# How to Use Goal Seek Functions in a C# .NET Excel XLSX App

**What You Will Need**• Document Solutions for Excel

• Visual Studio 2022

• .NET 6+

**Controls Referenced**• Document Solutions for Excel, C# .NET Excel Library

• Documentation | Online Goal Seek Demo

**Tutorial Concept**Learn step-by-step how to implement Goal Seek using a C# .NET Excel API to achieve your desired results efficiently. Perfect for developers aiming to optimize sales projections.

Goal setting helps identify break-even points and guides decision-making for product scaling.

In today’s competitive business landscape, determining the right sales target provides a clear financial direction and helps align all business activities toward achieving specific goals. The Excel **“What-If”** feature is an excellent tool for finding perfect sales targets through various options like Scenario Manager, Goal Seek, and Data Table, which helps in analysis, forecasting, and goal setting.

In this blog, we will use the Document Solutions for Excel (DsExcel) API to create a calculator. This calculator will determine the number of units we need to sell for a product to earn a specified profit. We will implement this solution in a .NET application, utilizing DsExcel’s Goal Seek feature introduced in the recent v7.2 release. The implementation plan is as follows:

- Add Product Information to Excel Sheet Using C#
- Apply Profit/Loss Calculation Formula Using C#
- Apply Goal Seek Method in DsExcel

# Add Product Information to Excel Sheet Using C#

To build this calculator, we need some initial details, such as the total investment amount, the product’s unit price, and variable cost. Let’s assume we invest $10,000,000 in producing the product with a selling price of $5,499 per unit and a variable cost of $1,100 per unit.

The DsExcel code to set these details in the sheet is as follows:

`worksheet.Range["C2:E3"].Merge();`

worksheet.Range["C2:E3"].Value = "Product Unit Calculator for Desired Profit";

worksheet.Range["B5"].Value = "Investment";

worksheet.Range["E5"].Value = "Desired Profit";

worksheet.Range["B8"].Value = "Product Unit Price";

worksheet.Range["B9"].Value = "Variable Cost per Unit";

worksheet.Range["E8"].Value = "Number of Units to Sell";

worksheet.Range["C5"].Value = 10000000; // Investment amount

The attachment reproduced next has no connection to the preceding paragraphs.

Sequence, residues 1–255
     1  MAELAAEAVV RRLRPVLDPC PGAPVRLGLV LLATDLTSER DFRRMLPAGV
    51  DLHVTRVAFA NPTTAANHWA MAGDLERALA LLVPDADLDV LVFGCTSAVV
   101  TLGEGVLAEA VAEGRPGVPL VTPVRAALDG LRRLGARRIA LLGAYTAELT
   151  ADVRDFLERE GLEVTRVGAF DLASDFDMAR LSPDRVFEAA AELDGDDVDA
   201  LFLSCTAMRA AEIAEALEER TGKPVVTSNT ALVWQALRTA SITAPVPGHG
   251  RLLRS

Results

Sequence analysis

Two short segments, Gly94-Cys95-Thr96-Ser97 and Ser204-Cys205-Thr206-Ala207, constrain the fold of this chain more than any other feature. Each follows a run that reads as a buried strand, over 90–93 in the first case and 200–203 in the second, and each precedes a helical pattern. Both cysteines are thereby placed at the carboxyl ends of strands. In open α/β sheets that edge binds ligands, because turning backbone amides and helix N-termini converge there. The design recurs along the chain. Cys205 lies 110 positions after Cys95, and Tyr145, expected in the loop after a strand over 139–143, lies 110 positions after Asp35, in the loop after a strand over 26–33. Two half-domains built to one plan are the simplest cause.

worksheet.Range["C8"].Value = 5499; // Product unit price

worksheet.Range["C9"].Value = 1100; // Variable cost per unit

After applying formatting to the sheet, these values will appear like below:

# Apply Profit/Loss Calculation Formula Using C#

Now, it is time to calculate the number of units that we need to sell to earn a profit of $1,000,000. For this, we need to apply a formula to calculate the profit/loss based on product units and other parameters discussed above. For example, let’s use a random number for a unit and apply the following formula using DsExcel to show the earned profit/loss amount.

`worksheet.Range["F5"].Formula = "=((C8+C9)*F8)-C5";`

worksheet.Range["F8"].Value = 100; // Initial number of units to sell

# Apply Goal Seek Method in DsExcel

Our goal is to calculate the number of units required to generate a profit of $1,000,000. To do this, we’ll use the latest **GoalSeek** method in DsExcel, but first, let’s break down how this method works.

The GoalSeek method helps you find the exact input value needed to achieve a specific result in a formula. This method is called from the cell where our formula is located (which should be a single cell). When using this method, we provide two key pieces of information: the **goal** (the result we want) and the **changingCell** (the input that will be adjusted to meet that goal).

**Note:**

- The formula in the calling range (the cell where GoalSeek is applied) must result in a numeric value.
- The
**changingCell**parameter cannot contain a formula; it must be a cell with an input value that can be adjusted.

With that in mind, it’s time to apply the **GoalSeek** method to our data and calculate the number of units we need to sell to achieve a profit of $1,000,000. We’ll apply the GoalSeek on cell **F5**, which contains the formula for calculating profit. We’ll set **1,000,000** as the goal and use cell **F8** as the changing cell, which will update based on the set goal.

The DsExcel code to apply the GoalSeek method is as follows:

`worksheet.Range["F5"].GoalSeek(1000000, worksheet.Range["F8"]);`

That’s it! We have successfully calculated the exact number of units that need to be sold to achieve the $1,000,000 profit using the **Goal Seek** method. Below is a screenshot showing the result:

You can also refer to this sample file implementing this exact method. Feel free to try it out with your product details and see how easily you can calculate the required units to reach your desired profit target.

# Conclusion

In this blog, we learned how to use Excel’s Goal Seek feature in DsExcel to easily calculate the number of units needed to reach a specific profit goal. With DsExcel, you can simplify complex Excel tasks and add powerful automation to your .NET apps.

Exciting news! In our next major release, v8, we are adding support for the **What-If Scenario** feature, which expands the possibilities for advanced data analysis in Excel through the DsExcel API.

If you have any questions or feedback about this tutorial, feel free to share them in the comments below!

More References:

*Originally published at **https://developer.mescius.com** on September 27, 2024.*